The meeting was fun. Victoria had interesting conversations about neurobiology and religion and, of course, about kinky sex. It was near the end of the evening when a man walked in whom she recognized; he had tried to form an S&M club on her campus a few years before. Eric had a doughy, impish face and slicked-back hair, and he wore his cell phone in a carrier on his hip. ...
There are a lot of things to find disturbing about GQ's Rihanna profile, featured in its December "Men of the Year Issue"—like how naked she is or how she appears to have used the interview to stage another meeting with Chris Brown, further evidence that the two are back together and juicing the controversy of their reunion three years after Brown assaulted her.
But I admit I'm irritated about something else, too. In the words of writer Jay Bulger:
I ask what turns her on, because I know she'll answer. "I like to feel like a woman," she says. "I have to be in control in every other aspect of my life, so I feel like in a relationship, like I wanted to be able to take a step back and have somebody else take the lead." Do you ever switch things up? I ask. "I could absolutely be dominant," she answers. "But, in general, I'd rather ... How do I say this in like a ... non-X-rated version?" Right. Lastly, any boundaries I should know about? "Love makes you go places you probably wouldn't ever go, had it not been for love. But I think everybody still has their limits."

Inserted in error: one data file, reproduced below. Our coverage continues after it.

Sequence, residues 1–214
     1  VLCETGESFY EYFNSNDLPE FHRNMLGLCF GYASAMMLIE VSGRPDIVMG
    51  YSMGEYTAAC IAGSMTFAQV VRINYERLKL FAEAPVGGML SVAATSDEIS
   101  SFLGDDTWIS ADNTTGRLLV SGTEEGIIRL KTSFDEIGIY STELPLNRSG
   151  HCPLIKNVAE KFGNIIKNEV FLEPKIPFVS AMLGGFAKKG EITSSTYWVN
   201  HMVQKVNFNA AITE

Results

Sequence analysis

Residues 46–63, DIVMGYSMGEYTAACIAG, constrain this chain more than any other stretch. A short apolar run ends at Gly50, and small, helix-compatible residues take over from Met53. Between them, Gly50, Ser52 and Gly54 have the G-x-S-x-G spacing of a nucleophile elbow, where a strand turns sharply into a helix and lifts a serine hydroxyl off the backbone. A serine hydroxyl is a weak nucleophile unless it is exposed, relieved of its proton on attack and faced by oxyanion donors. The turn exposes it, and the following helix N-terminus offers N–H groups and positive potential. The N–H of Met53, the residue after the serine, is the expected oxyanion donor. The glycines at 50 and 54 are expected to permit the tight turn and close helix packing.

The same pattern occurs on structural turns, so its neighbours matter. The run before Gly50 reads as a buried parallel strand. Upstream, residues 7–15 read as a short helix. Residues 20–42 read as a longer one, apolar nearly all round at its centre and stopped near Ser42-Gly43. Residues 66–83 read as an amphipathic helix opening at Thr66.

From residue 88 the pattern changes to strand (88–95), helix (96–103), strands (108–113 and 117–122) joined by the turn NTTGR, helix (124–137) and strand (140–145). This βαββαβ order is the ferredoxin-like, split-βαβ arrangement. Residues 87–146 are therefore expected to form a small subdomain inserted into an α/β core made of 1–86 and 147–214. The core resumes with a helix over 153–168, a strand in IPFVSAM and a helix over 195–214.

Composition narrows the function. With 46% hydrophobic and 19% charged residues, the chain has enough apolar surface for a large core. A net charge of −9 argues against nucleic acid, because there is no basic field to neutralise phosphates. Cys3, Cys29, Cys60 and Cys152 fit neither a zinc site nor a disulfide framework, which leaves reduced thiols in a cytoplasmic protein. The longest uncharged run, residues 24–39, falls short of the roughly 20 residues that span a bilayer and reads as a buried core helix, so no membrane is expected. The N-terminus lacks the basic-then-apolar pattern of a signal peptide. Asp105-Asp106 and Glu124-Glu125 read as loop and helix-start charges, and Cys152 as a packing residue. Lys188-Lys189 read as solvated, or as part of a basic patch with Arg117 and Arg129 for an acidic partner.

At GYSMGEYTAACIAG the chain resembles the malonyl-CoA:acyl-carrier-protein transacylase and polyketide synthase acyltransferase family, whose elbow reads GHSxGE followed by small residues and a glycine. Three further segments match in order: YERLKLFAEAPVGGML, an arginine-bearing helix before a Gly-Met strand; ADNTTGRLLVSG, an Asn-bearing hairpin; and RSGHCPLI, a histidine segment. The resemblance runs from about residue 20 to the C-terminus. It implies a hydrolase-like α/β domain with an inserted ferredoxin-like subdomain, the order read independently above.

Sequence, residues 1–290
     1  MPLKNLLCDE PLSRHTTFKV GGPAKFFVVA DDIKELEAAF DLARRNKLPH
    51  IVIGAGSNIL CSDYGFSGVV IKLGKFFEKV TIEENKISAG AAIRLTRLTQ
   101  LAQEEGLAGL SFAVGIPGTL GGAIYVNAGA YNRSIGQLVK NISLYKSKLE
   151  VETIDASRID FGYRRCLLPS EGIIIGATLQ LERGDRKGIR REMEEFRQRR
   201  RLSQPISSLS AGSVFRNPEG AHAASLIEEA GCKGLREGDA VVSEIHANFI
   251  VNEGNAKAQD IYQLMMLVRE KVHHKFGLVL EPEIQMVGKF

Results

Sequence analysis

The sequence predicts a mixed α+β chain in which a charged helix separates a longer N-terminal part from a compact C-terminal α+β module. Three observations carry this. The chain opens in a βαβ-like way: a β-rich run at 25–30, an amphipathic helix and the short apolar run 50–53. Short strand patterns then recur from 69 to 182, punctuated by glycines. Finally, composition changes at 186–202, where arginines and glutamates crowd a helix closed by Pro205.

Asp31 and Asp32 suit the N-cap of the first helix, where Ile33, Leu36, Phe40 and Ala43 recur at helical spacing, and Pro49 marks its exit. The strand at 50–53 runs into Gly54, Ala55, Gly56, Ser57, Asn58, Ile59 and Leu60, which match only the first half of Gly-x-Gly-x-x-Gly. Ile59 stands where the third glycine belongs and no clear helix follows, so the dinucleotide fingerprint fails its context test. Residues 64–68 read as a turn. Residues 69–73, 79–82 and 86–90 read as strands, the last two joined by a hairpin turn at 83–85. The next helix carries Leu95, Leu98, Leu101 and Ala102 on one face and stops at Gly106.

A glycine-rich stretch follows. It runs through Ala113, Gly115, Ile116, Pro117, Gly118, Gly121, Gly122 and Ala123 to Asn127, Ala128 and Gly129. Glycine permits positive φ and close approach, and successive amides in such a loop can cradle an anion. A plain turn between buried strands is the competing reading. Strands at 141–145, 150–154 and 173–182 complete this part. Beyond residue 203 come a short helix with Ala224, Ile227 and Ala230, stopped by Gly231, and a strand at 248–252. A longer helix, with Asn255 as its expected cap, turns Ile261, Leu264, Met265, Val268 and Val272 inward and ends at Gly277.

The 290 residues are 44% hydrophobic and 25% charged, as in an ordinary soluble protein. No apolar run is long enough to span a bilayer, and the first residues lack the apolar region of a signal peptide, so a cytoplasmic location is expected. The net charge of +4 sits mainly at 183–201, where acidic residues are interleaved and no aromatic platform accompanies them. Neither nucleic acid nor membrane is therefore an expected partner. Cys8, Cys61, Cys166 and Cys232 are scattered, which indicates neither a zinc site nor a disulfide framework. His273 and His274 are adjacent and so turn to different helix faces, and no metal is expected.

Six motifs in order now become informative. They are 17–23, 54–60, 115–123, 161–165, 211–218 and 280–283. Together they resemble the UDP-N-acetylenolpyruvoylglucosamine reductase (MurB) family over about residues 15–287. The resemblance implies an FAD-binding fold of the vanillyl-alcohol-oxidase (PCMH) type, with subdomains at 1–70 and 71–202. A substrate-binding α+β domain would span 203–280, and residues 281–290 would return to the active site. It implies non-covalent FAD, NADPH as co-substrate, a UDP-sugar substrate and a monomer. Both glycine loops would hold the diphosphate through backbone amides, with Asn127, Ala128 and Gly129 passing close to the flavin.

In the piece, this is the end of a clearly delineated section. And the next describes the night out that ends with Rihanna and Brown's rendezvous at a club. The connection is meant to be clear: Rihanna's preference for submission is the reason she's going back to Brown, going "places you probably wouldn't ever go, had it not been for love."
But submission doesn't have to be about seeking out abuse, be it physical or emotional. Dominance and submission are tools partners can use to negotiate what they want out of a sexual experience or a relationship. That power dynamic still allows for all involved to be safe. Similarly, women who return to partners who abused them aren't necessarily involved in dominant and submissive sexual relationships. ...
MY favorite CASE: A UK sadomasochism case allows us to consider when the state should be allowed to criminalise actions between consenting adults
What is your favorite case?
Many years before the publication of EL James’s 50 Shades of Grey, sadomasochism was slap-bang before the English courts. The case of R v Brown Ors whipped up controversy and undoubtedly left its mark on the issue of consent and non-fatal offences.
In the late 1980s, a group of more than 40 men decided to video themselves inflicting sadomasochistic tortures on each other on numerous occasions at a variety of different locations.
The videos spanned a 10-year period and showed the men engaging in various acts, including beatings and the maltreatment of their genitalia with a selection of instruments such as fish hooks, hot wax, nettles and cat-o-nine tails.
All acts were carried out in private, consensually and for no other purpose than achieving sexual pleasure and gratification.
The videos were copied and distributed among members of the group. Unfortunately for the men, the police came into the possession of these videos.
Some members of the group were charged with unlawful and malicious wounding and assault occasioning actual bodily harm on each other contrary to Offences Against The Person Act.